New PM Articles for the Week of April 24 – 30

New project management articles published on the web during the week of April 24 – 30. And this week’s video: Cassini phoned home to mission control at NASA’s Jet Propulsion Laboratory in Pasadena, California after successfully making the first of 22 orbits in the narrow gap between Saturn and its innermost rings. Not bad for a craft launched in October 1997!

Must read!

  • Mike Griffiths shares ideas on how to get PDU’s in the “Strategic and Business Management” area of the talent triangle. You need at least 8 to recertify as a PMP.
  • Ben Evans projects electric and autonomous vehicles, virtual reality, and machine learning out about five to ten years, in terms of consumer behavior change.
  • Ahmed Alkhateeb claims that Big Data and robotics are advanced enough to automate scientific research using Sir Francis Bacon’s model of discovery. Ahmed is a molecular cancer biologist at Harvard Medical School, so this is serious.

Established Methods

  • Mike Clayton tutors us on project governance, from its origin with the ancient Greeks to direction-setting, decision-making, and oversight.
  • Harry Hall catalogs the most common reasons and most beneficial ways to resolve project conflicts.
  • Glenn Alleman explains how to talk about estimates and their attributes of uncertainty: precision, accuracy, and bias.
  • Alex Pucasu identifies the common environmental elements that you should account for when making estimates.
  • Andy Jordan gets us up to speed on the portfolio-level view of projects with common goals.
  • John Goodpasture expounds on technical debt as an enabler, rather than an evil to be avoided.

Agile Methods

  • Stefan Wolpers curates his weekly list of Agile content, from the futility of scaling Agile to why Agile doesn’t work in Asia, to morality, metrics, and more.
  • Mike Cohn addresses the question: does the Scrum Master role ever go away?
  • The Clever PM recommends you begin your Agile transformation with a healthy dose of practice, and forget about all that theory.
  • Ryan Ripley and Amatai Schleier interview Jessie Shternshus on how improv skills can help make your Agile team awesome. Just 43 minutes, safe for work.
  • Craig Smith interviews Paul Rayner on domain driven design, working with legacy code, and user story mapping. Just 49 minutes, safe for work.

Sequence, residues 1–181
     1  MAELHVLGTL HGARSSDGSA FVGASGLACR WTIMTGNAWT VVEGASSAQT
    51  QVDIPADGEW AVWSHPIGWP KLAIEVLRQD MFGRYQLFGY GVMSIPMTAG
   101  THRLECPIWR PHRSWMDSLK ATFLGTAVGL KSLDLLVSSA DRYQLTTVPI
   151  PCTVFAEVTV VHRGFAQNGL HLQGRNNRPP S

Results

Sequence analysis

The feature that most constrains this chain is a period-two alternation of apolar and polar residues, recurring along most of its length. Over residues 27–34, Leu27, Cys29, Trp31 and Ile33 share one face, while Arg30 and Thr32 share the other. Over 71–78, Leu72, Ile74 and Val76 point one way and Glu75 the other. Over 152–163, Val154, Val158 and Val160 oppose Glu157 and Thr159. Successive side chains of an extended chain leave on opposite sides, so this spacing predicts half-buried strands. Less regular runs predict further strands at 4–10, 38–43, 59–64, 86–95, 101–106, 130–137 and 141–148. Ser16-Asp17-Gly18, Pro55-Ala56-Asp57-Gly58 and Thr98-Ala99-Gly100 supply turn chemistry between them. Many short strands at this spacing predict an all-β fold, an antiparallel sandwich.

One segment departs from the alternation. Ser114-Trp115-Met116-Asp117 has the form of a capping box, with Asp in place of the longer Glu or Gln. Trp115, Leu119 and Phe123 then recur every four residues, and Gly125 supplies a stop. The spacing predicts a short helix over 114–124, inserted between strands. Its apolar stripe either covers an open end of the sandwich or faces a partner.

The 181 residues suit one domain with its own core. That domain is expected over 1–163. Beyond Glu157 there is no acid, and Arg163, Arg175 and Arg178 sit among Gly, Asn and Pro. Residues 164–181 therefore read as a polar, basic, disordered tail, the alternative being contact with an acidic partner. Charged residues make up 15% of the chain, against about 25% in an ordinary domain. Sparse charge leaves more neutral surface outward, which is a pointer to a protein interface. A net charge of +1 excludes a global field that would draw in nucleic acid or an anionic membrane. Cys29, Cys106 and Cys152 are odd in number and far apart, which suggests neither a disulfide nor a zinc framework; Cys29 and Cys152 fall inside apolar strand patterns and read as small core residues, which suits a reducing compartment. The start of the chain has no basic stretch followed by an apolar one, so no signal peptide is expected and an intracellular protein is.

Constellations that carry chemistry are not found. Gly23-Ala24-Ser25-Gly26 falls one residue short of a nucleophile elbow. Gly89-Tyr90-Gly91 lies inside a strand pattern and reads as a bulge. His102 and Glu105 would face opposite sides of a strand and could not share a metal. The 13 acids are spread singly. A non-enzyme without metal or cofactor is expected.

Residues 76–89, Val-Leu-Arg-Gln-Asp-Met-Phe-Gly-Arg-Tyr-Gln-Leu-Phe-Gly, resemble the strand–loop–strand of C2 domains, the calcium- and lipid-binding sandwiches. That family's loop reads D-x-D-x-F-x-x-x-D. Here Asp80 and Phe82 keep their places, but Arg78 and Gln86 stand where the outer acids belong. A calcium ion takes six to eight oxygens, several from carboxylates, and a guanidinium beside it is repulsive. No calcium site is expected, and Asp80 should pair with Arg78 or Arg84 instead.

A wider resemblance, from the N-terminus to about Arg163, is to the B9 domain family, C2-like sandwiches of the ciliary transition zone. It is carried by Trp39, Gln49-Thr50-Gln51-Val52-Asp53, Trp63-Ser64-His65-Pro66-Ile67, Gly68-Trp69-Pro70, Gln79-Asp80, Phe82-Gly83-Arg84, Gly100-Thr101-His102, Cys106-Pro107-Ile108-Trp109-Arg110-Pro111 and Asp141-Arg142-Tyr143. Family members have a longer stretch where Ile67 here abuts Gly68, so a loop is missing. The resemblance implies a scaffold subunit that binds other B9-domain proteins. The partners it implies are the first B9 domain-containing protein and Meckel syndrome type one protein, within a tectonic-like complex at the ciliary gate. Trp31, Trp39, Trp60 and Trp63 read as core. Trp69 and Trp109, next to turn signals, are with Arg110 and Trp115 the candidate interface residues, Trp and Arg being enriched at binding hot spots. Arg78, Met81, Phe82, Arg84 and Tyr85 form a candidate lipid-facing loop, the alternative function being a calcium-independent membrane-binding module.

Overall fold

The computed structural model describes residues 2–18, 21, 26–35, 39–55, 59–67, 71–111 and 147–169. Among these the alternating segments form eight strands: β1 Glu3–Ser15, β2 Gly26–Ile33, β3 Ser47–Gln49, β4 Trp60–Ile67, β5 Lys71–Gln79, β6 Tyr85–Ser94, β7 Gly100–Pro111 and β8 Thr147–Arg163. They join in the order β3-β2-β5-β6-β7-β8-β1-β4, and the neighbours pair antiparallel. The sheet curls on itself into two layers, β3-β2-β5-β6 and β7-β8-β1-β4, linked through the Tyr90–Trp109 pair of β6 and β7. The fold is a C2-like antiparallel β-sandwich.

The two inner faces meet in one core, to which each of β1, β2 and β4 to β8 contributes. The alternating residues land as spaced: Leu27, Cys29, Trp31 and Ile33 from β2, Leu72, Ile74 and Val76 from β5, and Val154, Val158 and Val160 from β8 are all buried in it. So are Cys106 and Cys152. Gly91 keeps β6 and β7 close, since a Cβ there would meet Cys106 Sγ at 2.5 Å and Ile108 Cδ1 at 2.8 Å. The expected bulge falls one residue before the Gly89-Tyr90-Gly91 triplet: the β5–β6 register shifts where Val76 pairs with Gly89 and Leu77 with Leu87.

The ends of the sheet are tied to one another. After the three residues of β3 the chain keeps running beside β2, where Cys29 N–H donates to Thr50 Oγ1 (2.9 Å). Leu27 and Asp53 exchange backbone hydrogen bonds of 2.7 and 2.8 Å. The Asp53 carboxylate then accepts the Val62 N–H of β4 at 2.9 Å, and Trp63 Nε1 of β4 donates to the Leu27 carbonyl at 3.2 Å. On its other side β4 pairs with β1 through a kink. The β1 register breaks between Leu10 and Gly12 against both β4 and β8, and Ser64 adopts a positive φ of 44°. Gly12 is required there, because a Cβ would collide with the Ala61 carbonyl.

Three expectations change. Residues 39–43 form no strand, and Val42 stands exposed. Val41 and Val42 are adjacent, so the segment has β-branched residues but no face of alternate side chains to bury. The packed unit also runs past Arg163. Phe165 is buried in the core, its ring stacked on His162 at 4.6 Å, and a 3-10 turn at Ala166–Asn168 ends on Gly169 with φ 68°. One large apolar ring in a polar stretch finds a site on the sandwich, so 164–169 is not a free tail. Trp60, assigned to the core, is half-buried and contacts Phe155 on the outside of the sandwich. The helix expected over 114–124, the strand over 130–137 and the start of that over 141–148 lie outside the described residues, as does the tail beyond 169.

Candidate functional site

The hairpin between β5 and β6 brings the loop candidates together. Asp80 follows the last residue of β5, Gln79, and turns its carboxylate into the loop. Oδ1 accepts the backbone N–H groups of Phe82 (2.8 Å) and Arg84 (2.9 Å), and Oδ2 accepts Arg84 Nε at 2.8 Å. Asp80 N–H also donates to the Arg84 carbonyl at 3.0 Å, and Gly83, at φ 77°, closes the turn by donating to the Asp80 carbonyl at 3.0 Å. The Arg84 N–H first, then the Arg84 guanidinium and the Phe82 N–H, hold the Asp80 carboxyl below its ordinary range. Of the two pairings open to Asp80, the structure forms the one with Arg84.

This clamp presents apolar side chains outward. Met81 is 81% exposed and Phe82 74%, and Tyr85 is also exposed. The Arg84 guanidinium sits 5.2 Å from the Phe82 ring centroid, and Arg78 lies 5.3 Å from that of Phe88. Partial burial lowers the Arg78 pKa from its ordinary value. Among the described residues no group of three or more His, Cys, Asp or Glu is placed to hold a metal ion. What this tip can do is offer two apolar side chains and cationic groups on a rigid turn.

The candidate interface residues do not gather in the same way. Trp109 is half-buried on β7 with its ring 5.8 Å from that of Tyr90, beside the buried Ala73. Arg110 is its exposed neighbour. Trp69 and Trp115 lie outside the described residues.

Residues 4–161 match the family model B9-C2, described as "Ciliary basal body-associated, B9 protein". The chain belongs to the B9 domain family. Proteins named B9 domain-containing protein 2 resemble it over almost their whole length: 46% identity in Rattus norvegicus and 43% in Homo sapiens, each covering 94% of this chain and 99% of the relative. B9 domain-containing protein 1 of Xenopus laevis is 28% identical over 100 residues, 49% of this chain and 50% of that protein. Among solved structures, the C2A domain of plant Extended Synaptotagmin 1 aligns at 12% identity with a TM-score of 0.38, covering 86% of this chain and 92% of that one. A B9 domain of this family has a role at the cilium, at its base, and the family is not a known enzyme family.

• Humberto Cordioli identifies the tradeoffs when determining whether to adopt a business or architectural orientation.
  • Saravana Bharathi explains how continuous integration and continuous delivery differ, but fit together.

Applied Leadership

  • Gina Abudi tells of a client who collaborated with her remote team to develop ground rules for how they would interact.
  • Esther Derby explains the three kinds of empathy, and how they improve our ability to adapt our “change” messaging.
  • Luis Seabra Coelho explains the Start-Stop-Continue feedback model, which seems to work well across most cultures.

The Power of YOU

  • Jesse Lyn Stoner encapsulates the barriers to successfully managing our time, how to overcome them, and how to stop procrastinating.
  • Brendan Toner reviews “The Power of Full Engagement,” by Jim Loehr and Tony Schwartz. They maintain that energy, not time, is our most precious resource.
  • Coert Visser examines the exercise choice: walking or running. Note that if your nose runs and your feet smell, you may be built upside down.

Project Management as a Career

  • Jon Vordermark takes a critical look at the career path for the typical corporate project manager and finds it lacking.
  • Leigh Espy suggests that the way to get into project management is from your current job.
  • Barry Hodge decided to create a more interesting intro to the basics of project management, for those who are thinking of getting into it.


New PM Articles for the Week of April 24 – 30
Article Name
New PM Articles for the Week of April 24 – 30
New project management articles published on the web during the week of April 24 – 30
The Practicing IT Project Manager LLC